Round 4, Pick 102 - Aaron Huglen (R, High School - Roseau, MN)

Let’s all just take a moment to salivate over this goal by Huglen last summer at the Hlinka Gretzky Cup, shall we?

The Sabres obviously knew they wanted this kid, enough to trade up for him so they could secure the pick. Huglen is still in high school and ended up getting picked a little lower than most of the rankings suggested. He’s got room to grow - as all draft picks do, really - and is set to join the Fargo Force of the USHL this fall. Huglen played half of this past season with Fargo and will play another year with the squad before joining the University of Minnesota in the 2020-2021 season.

Just look at that goal he scored last summer. Sure, it’s only one goal, but man, if he can make that move... let’s see what else he can do.

Round 5, Pick 143 - Filip Cederqvist (L, Sweden - Vaxjo)

Another Swede, eh? Again, another pick where the Sabres traded up to make the selection. Here’s what a Swedish regional scout has to say about Cederqvist:

Cederqvist played most of the year in the SHL as an 18-year-old, which is... pretty good. According to some, he’s more likely to be a bottom-six prospect at the NHL level. He’s got good puck skills and will be a teammate of fellow Sabres prospect Marcus Davidsson next year, so expect the two to bond and then hopefully make the transition to North America with some chemistry and friendship.

Also, props to Alexander Nilsson, who had Cederqvist as a possible late-round target for the Sabres in his piece here.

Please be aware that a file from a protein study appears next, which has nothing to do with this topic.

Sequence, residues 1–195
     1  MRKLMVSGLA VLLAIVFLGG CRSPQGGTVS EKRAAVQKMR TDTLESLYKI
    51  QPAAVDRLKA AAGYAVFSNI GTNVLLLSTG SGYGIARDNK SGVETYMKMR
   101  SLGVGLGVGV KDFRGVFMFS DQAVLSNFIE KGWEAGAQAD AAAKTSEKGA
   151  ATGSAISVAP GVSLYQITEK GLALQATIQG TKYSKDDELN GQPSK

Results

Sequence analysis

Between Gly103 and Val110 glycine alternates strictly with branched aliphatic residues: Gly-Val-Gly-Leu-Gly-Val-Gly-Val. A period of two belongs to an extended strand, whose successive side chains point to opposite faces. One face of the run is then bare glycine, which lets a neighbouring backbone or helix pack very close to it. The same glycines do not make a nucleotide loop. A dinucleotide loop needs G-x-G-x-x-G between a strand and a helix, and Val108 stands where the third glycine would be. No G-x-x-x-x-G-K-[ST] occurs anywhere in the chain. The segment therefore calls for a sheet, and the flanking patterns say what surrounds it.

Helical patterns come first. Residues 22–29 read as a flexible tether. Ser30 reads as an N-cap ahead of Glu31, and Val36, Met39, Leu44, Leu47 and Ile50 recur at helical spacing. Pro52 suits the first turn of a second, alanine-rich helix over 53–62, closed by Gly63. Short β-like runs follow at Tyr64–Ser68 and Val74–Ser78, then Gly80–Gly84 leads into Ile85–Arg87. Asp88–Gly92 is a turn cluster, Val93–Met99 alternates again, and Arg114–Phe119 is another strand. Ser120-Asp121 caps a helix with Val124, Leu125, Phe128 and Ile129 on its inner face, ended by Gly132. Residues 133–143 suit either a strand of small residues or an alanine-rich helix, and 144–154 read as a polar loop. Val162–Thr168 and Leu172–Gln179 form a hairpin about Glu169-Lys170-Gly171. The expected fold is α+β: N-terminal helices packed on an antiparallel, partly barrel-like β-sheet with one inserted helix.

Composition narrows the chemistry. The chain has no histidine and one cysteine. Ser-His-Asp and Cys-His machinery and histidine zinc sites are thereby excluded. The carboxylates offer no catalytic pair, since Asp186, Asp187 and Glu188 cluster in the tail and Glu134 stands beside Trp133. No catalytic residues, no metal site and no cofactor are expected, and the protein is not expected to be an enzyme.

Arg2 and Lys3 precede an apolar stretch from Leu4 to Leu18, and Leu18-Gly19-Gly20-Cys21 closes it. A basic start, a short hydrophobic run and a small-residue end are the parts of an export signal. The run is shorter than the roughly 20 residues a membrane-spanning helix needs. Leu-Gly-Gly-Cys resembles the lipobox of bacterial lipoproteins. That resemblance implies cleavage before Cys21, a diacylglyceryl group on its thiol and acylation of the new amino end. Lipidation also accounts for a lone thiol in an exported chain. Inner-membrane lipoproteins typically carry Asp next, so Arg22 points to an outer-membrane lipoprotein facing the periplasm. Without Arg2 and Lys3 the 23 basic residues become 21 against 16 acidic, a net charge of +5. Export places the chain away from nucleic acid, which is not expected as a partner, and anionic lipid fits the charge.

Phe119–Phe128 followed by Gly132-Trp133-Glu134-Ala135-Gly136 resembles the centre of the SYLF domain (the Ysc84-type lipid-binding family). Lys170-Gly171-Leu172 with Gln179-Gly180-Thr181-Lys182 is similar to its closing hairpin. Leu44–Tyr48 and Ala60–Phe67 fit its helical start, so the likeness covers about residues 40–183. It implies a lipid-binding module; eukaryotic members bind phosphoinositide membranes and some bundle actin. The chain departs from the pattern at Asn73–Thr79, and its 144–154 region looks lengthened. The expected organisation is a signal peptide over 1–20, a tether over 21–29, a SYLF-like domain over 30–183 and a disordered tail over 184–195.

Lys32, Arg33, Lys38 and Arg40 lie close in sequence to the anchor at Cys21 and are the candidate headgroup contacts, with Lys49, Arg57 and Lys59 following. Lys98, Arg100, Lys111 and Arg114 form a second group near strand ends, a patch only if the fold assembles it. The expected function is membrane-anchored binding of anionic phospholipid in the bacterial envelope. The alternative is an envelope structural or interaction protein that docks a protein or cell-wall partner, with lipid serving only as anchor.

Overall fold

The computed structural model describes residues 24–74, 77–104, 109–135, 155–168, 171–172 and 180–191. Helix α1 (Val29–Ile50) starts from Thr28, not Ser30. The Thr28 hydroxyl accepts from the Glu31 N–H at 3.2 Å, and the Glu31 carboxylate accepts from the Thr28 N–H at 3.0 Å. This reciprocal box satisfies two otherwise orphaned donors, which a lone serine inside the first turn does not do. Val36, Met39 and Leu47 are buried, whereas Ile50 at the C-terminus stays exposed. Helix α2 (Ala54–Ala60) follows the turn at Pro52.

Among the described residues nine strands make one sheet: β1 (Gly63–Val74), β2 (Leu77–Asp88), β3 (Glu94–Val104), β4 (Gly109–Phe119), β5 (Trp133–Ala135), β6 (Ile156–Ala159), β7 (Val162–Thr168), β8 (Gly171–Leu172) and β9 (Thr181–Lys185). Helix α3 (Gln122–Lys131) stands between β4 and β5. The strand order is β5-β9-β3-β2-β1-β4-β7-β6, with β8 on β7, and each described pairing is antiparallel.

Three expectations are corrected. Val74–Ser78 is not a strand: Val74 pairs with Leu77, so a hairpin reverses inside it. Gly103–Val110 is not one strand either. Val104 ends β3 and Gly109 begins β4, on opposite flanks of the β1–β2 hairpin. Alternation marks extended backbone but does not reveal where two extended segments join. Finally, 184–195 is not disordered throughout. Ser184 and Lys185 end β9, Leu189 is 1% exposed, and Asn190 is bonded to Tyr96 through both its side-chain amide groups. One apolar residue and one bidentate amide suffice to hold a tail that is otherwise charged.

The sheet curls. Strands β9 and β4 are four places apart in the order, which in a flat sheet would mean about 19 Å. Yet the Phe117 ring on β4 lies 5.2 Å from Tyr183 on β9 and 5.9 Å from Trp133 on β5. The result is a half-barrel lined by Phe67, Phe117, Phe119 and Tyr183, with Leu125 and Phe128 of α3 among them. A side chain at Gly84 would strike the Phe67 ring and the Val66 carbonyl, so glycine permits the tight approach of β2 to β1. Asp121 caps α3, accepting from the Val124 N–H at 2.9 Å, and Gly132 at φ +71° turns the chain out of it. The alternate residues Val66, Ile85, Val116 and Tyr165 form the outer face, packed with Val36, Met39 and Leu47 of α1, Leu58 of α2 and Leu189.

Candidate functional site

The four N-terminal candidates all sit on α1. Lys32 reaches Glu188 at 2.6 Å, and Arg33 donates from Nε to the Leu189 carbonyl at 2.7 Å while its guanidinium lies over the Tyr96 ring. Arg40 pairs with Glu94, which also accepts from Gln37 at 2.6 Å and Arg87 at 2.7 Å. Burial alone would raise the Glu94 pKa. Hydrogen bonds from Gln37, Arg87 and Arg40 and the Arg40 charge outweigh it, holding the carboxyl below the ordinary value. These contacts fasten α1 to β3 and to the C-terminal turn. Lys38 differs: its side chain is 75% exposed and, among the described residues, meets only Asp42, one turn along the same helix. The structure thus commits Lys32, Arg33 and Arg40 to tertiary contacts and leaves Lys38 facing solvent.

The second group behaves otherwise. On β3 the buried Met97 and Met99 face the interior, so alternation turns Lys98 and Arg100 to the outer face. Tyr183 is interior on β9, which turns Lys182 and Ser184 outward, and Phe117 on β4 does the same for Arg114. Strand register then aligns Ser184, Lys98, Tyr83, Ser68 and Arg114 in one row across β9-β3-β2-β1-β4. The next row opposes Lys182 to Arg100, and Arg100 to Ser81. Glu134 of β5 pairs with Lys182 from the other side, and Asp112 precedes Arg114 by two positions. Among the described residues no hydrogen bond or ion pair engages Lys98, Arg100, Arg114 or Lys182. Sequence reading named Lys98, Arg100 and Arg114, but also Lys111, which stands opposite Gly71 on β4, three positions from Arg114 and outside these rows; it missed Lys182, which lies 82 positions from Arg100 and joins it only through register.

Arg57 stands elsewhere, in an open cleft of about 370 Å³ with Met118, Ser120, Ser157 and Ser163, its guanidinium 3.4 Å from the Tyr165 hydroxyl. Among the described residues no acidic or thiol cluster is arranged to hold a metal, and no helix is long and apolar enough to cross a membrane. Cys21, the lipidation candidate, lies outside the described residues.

Round 6, Pick 160 - Lukas Rousek (R, Czech Republic - Sparta)

Rousek is one of the overagers in the draft, as he turned 20 back in April. (Quick, someone tell me: when was the last time the Sabres drafted a 20-year-old?) With that said, Rousek was ranked 39th overall by NHL Central Scouting among European skaters.

He spent this past season mainly with HC Sparta Praha and put up nine points in 34 games playing against some big players. If he makes the jump to North America at some point, it won’t be for a while. Rousek is under contract with Sparta through 2021, so his North American debut is at the very least a few years away.

It’s a deep pick, but one the Sabres clearly had in mind, as evidenced by this Tweet, which indicates the Rousek was invited by the team to their pre-draft testing combine on June 3:

Overall, at first glance, the 2019 NHL Draft appears to be a little underwhelming for the Sabres. Then again, with any draft pick, there’s never a guarantee one way or another how a player will pan out. Just look at the 2000 NHL Draft, where none of the Sabres’ first five picks ever played an NHL game, or think about Marek Zagrapan or Philipp Gogulla. Then again, look at Linus Ullmark (drafted 163rd overall in 2012) or other team’s selections including Henrik Zetterberg (210th overall), Pavel Datsyuk (171st overall) or even undrafted success stories like Martin St. Louis or Mark Giordano.